Muslims are commanded to kill Christians. And this means that Christians are commanded to or have an excuse to kill Muslims? Certainly not in the New Testament. To criticize war and the military is left-wing. All the veterans that write me and express their agreement with my articles would take offense at that. On this fallacy, see the article by Gary Benoit of the John Birch Society (certainly not a left-wing organization) called: “Anti-war Stance Is Right, Not Left.” Soldiers are mentioned favorably in the New Testament, so there is nothing wrong with being a U.S. soldier. Oh, you mean the soldiers that scourged Jesus, stripped him, put a purple robe on him, put a crown of thorns on his head, mocked him, smote him with their hands, spit on him, cast lots for his garments, smote him on the head, feigned worship to him, and nailed him to a cross? I didn’t think so. Christians are called soldiers in the New Testament, so it must be okay to be a U.S. soldier. And God is said to shout “like a mighty man that shouteth by reason of wine” (Psalm 78:65). Is the Lord a drunkard? There is no denying the fact that the Bible likens a Christian to a soldier (2 Timothy 2:3, Philemon 2, Philippians 2:25). But as soldiers, Christians are admonished to “put on the whole armor of God” (Ephesians 6:11) and fight against sin, the world, the flesh, and the devil. The Christian soldier wears “the breastplate of righteousness” (Ephesians 6:14) and “the helmet of salvation” (Ephesians 6:17). The weapons of the Christian soldier are not carnal (2 Corinthians 10:4); his shield is “the shield of faith” (Ephesians 6:16) and his sword is “the word of God” (Ephesians 6:17). Not exactly a description of a soldier in the U.S. military.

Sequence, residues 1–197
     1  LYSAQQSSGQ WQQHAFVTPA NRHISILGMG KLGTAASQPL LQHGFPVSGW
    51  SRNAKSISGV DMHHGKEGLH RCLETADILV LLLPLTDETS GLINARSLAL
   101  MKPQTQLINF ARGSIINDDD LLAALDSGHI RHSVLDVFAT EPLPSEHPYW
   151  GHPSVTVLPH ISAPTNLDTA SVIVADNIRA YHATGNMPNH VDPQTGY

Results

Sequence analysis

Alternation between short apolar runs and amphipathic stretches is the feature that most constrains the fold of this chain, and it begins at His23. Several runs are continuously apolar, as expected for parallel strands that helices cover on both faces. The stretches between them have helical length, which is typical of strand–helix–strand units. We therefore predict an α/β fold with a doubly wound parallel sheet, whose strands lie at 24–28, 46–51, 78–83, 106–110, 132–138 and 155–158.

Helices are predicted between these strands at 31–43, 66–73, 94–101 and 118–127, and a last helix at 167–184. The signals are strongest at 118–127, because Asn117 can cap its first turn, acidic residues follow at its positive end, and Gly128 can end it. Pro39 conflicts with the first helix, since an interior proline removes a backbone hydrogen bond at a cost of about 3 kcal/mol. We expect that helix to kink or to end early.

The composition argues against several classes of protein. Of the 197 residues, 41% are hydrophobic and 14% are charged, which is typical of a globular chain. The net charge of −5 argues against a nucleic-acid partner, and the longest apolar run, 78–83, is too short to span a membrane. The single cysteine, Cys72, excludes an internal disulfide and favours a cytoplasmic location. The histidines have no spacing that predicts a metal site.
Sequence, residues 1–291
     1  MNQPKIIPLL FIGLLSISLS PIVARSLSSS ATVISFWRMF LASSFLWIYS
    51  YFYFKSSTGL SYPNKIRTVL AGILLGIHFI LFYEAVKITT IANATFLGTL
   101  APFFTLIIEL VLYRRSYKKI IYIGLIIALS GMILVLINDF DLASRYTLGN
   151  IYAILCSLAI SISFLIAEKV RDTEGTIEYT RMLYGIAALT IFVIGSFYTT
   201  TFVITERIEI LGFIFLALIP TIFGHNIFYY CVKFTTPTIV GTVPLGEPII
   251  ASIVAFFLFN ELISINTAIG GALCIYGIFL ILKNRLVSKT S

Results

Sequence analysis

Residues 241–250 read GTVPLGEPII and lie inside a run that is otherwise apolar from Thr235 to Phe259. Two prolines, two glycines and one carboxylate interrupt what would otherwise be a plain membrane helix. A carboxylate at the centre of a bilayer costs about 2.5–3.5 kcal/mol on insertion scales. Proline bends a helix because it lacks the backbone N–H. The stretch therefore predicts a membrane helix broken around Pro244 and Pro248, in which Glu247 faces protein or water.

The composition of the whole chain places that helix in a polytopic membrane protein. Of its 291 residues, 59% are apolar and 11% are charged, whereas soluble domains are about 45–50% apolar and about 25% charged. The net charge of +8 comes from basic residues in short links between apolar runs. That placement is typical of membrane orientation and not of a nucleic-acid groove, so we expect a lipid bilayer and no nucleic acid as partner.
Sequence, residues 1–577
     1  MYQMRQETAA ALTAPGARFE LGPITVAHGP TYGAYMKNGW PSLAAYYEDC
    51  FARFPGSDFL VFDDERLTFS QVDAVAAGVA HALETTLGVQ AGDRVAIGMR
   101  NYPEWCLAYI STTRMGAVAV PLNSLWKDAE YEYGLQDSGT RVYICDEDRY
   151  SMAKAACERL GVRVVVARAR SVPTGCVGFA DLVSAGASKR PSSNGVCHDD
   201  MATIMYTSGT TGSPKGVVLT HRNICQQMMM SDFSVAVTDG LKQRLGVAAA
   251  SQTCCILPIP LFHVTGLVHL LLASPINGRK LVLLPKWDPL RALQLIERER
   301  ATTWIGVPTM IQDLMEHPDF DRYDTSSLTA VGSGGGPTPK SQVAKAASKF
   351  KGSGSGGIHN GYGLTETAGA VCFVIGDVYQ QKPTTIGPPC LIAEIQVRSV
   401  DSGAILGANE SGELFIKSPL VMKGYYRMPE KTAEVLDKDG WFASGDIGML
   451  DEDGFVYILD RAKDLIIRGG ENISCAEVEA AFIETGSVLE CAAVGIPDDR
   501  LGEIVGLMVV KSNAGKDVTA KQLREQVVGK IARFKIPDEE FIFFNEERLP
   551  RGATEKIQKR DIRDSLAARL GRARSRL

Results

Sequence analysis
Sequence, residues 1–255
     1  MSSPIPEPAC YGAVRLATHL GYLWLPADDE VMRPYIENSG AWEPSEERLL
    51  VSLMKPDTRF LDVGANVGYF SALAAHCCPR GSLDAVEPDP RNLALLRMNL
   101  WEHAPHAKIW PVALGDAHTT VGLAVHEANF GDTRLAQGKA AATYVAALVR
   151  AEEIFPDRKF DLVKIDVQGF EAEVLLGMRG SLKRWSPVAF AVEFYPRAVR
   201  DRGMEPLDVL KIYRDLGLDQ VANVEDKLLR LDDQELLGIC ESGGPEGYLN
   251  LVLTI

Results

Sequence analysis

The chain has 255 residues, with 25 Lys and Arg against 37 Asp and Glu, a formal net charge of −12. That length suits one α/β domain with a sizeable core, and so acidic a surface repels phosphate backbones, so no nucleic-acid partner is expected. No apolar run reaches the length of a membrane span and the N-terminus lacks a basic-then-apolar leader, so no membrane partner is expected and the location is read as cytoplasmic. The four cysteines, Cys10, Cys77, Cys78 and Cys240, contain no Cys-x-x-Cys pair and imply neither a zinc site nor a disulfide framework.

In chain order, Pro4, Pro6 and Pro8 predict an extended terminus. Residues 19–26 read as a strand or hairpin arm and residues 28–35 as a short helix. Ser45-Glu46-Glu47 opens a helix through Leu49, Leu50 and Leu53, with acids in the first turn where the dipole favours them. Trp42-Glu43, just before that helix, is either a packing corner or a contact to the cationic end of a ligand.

It is not the fault of soldiers if they are sent by politicians to fight an unjust war. Some who don’t support U.S. foreign policy and the current U.S. wars hesitate to condemn U.S. soldiers. But they just don’t get it. It is not politicians that do the fighting. If an action is evil, immoral, or unjust, then it shouldn’t be done, no matter what the consequences and no matter who tells you to do it. Wearing a uniform is no excuse. King David was a man of war. Yes, and because David was a man of war, the Lord said to him: “Thou shalt not build an house for my name, because thou hast been a man of war, and hast shed blood” (1 Chronicles 28:3). The Bible says there is a time of war. So this must mean that it was time for Bush to launch two wars? Jerry Falwell thought so. Although this next one was not directed to me personally, I mention it because it is so ridiculously outrageous: The United States is a client state of God. This was the argument used by a Christian apologist for U.S. wars. The person it was directed to found it so ridiculous that he e-mailed me with the account of his exchange with said apologist. What it means is that nothing the U.S. government or its military does should be criticized. This opinion is not only ridiculous; it is dangerous.